Whiteboard: [sg:high] → [sg:moderate]
Not going to hold the release on this sg:moderate bug, given that it's not specific to firefox, and it's been around for quite a while. Not to say we shouldn't fix it, but not holding the release.
Does this still need to be hidden?
This doesn't actually fully work - we switch to type document and pass the channel to the URI loader, but we don't reach the download-dialog handler for some reason.
Summary: Ignoring Content-Disposition: attachment leads to XSS hazards → Ignoring "Content-Disposition: attachment" for plugins leads to XSS hazards
http://miki.it/blog/2014/7/8/abusing-jsonp-with-rosetta-flash/ is a similar problem involving ignoring the MIME type. One of the suggested workarounds is to... use "Content-Disposition: attachment".
So the WIP version of these patches forced | Content-Disposition: | attachment to be loaded as a document, but unlike an iframe, <object> documents won't trigger a download prompt, so we either need to figure out how to fix that, or just refuse to load attachment disposition entirely. I'll un-bit-rot these and take a look
(In reply to Jesse Ruderman from comment #14) > http://miki.it/blog/2014/7/8/abusing-jsonp-with-rosetta-flash/ is a similar > problem involving ignoring the MIME type. One of the suggested workarounds > is to... use "Content-Disposition: attachment". Since this is being publicly discussed, should we open up this bug?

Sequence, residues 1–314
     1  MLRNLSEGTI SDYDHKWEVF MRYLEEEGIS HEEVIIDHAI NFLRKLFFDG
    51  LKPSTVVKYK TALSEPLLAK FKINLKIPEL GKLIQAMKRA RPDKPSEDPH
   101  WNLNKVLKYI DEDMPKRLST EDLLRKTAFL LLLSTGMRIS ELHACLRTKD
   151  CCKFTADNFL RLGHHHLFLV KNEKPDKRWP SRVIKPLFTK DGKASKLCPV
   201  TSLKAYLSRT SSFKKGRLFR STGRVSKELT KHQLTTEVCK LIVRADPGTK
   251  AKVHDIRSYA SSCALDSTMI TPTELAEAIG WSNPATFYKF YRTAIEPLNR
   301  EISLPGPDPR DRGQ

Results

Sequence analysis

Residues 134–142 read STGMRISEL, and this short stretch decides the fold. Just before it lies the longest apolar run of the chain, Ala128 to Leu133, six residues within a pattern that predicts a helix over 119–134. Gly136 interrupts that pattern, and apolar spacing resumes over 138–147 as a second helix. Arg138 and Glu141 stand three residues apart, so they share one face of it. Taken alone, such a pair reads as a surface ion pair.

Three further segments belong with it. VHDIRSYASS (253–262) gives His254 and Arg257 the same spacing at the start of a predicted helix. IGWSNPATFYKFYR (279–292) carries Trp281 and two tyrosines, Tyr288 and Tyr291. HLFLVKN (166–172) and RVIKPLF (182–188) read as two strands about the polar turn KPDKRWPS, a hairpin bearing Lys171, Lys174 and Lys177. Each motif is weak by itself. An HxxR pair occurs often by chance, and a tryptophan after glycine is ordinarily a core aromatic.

(In reply to John Schoenick [:johns] from comment #15) > So the WIP version of these patches forced | Content-Disposition: | > attachment to be loaded as a document, but unlike an iframe, <object> > documents won't trigger a download prompt, so we either need to figure out > how to fix that, or just refuse to load attachment disposition entirely. > I'll un-bit-rot these and take a look Boris, do you have an idea about the answer to this?
You could just hand the channel off to nsIURILoader::OpenChannel, as long as you then forward along all the nsIStreamListener calls. That should get you on the normal codepath used to dispatch content, an the Content-Disposition bits will then drop you into the external helper app service and whatnot. On the other hand, I can't think of many cases where users would actually want such a dialog here. So I think dropping things on the floor in the Content-Disposition:attachment case would also be ok.
:overholt, this bug hasn't been touched in 3 years, I'm making it a P5.
I doubt it. qDot, do you know?
Flags: needinfo?(overholt) → needinfo?(kyle)
Tough to say. This bug comes from a different era when plugins did way more. We're down to flash now, so this /could/ be a problem if a site embedded user uploaded flash in an odd way, but that's gonna be a problem no matter what. I think we could take the "just drop it" choice from Comment 18 now with no real worries, it's just a question of if it's worth the work. I think that might be adaptable from the patches already on this bug.
Component: DOM → DOM: Core & HTML
Product: Core → Core